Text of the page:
Word 2003 and 2007 are the most common versions on the market
Microsoft has failed in its attempt to dismiss a court case that would stop it selling Word.
The software giant appealed against a ruling which found it infringed a patent owned by Canadian company i4i.
With the failure of the appeal Microsoft must now pay i4i damages of $290m (£182m) and comply with an injunction ending the sales of some versions of Word.
The injunction is scheduled to go into effect on 11 January.
Microsoft said the ban would prohibit the sale of all available versions of Microsoft Word and Microsoft Office software from the date that the injunction comes into force.
Versions of the software sold before that date, including Word 2003 and Word 2007, will not be hit by the ruling.
"We have been preparing for this possibility since the District Court issued its injunction in August 2009 and have put the wheels in motion to remove this little-used feature from these products," Microsoft said.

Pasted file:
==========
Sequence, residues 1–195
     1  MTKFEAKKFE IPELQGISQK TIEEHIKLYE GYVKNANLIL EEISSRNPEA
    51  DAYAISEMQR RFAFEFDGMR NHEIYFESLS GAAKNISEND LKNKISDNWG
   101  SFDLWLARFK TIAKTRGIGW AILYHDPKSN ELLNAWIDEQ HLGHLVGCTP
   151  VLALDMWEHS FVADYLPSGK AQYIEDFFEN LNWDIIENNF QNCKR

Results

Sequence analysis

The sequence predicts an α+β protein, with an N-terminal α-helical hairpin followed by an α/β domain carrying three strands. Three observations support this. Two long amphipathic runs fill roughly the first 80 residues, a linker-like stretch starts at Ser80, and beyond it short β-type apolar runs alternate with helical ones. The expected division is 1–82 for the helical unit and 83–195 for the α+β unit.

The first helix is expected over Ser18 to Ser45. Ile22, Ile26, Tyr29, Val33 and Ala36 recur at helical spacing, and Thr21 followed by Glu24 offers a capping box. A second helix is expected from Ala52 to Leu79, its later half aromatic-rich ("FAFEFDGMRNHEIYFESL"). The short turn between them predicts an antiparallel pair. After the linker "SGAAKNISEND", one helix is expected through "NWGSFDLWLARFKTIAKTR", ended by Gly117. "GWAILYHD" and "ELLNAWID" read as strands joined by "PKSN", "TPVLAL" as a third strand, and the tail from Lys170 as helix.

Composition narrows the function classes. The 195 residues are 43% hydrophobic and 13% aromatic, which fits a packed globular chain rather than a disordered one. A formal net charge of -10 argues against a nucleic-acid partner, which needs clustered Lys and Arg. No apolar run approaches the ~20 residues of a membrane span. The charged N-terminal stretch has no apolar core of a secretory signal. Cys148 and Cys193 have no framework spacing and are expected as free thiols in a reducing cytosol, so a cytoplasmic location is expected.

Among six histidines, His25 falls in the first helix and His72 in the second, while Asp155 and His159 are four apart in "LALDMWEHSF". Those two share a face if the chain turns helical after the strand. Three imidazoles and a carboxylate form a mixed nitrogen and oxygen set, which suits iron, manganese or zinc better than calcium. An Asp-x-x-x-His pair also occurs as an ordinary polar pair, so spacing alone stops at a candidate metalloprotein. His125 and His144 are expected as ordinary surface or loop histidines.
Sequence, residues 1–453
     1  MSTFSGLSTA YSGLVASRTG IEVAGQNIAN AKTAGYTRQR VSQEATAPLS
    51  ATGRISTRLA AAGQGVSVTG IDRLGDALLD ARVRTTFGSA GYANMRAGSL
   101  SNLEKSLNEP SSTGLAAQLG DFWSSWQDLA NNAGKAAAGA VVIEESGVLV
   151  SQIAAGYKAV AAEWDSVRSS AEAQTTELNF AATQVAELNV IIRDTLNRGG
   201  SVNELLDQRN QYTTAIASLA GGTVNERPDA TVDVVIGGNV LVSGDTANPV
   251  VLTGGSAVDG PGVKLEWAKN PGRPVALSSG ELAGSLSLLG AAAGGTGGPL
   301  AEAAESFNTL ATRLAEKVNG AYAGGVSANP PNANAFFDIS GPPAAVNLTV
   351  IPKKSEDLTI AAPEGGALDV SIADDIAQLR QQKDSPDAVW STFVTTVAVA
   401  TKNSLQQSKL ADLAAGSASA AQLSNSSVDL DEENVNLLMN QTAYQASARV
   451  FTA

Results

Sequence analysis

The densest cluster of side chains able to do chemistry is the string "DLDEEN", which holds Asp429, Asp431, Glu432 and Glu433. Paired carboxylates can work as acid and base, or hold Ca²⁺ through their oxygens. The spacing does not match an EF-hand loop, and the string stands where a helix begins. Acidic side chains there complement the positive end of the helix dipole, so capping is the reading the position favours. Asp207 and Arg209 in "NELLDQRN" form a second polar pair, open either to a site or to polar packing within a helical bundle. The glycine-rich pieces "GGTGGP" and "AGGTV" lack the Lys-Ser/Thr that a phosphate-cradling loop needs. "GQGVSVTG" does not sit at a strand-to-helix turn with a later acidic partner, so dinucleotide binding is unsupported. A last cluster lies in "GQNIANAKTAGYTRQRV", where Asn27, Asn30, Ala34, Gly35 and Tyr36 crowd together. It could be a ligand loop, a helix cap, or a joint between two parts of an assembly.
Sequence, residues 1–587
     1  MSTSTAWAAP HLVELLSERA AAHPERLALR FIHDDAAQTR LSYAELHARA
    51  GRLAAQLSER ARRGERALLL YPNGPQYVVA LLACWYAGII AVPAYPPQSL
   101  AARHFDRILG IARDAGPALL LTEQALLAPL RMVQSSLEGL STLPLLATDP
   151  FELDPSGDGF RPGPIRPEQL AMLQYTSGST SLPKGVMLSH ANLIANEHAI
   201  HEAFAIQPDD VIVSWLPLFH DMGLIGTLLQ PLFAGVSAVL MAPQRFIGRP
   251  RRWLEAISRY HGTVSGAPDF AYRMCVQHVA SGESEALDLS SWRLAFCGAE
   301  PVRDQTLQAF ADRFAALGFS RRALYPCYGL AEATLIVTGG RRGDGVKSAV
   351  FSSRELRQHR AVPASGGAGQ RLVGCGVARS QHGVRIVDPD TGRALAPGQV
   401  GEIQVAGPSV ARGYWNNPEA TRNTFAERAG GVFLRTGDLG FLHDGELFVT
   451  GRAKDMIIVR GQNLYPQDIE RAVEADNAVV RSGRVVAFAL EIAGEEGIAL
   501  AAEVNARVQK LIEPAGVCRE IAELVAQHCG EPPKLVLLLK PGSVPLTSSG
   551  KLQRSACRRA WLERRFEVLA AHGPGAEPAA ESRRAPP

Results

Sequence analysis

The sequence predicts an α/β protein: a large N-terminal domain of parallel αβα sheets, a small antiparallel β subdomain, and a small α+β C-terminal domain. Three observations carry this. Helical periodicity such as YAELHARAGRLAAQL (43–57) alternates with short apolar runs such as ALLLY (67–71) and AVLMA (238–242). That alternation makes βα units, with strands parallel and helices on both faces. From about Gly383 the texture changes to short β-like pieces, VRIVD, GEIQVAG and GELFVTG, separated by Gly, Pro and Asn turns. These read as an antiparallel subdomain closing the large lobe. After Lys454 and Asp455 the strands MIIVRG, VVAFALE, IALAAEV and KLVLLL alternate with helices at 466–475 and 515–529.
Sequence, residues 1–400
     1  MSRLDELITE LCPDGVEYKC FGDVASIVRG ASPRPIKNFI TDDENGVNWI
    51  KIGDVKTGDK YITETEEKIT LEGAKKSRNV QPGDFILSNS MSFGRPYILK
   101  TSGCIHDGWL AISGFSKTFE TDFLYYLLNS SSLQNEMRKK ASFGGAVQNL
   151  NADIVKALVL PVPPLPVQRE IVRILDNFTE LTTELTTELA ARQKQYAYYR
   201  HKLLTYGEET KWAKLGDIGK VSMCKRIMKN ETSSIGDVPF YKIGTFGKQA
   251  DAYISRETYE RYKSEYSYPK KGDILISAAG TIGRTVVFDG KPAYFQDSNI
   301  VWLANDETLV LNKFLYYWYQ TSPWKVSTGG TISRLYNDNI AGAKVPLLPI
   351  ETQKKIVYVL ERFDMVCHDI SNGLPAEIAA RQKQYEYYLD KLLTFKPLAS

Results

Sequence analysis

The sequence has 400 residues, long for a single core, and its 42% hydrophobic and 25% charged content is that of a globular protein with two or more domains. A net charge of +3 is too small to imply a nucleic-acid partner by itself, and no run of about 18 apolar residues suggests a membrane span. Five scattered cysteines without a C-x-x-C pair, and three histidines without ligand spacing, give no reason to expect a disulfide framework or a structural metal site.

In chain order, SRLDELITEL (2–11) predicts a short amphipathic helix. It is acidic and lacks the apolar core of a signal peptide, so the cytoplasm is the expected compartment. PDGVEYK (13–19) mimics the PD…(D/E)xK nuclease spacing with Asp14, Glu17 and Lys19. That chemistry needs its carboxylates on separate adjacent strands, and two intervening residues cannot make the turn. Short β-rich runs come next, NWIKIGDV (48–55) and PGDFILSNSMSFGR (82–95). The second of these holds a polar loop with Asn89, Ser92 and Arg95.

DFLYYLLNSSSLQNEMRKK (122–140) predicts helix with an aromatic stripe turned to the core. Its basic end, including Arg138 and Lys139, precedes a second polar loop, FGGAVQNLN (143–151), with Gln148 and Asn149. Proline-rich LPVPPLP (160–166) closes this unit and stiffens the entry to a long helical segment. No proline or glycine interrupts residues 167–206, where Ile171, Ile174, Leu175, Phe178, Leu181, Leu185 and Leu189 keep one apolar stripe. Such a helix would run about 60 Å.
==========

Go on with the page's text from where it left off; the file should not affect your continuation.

"Therefore, we expect to have copies of Microsoft Word 2007 and Office 2007, with this feature removed, available for US sale and distribution by the injunction date," it said.
"Beta versions of Microsoft Word 2010 and Microsoft Office 2010, which are available now for downloading, do not contain the technology covered by the injunction," Microsoft added.
Microsoft was accused by i4i of infringing on a 1998 XML patent in its Word 2003 and Word 2007 programs.
Word uses XML, or the Extensible Markup Language, to open .XML, .DOCX, and .DOCM files.
The initial ruling in the court dispute between i4i and Microsoft was made in August. At that time Microsoft was found to have infringed the i4i patent and the Canadian firm was awarded damages.
The injunction on sales was imposed at the same time but a Microsoft appeal initially overturned that ban on US sales. The stay on the injunction has now run out and, as a result, Microsoft must stop selling infringing versions of Word.
Microsoft said it might file further appeals, but that it was keen to comply with the injunction.
"While we are moving quickly to address the injunction issue, we are also considering our legal options," it said.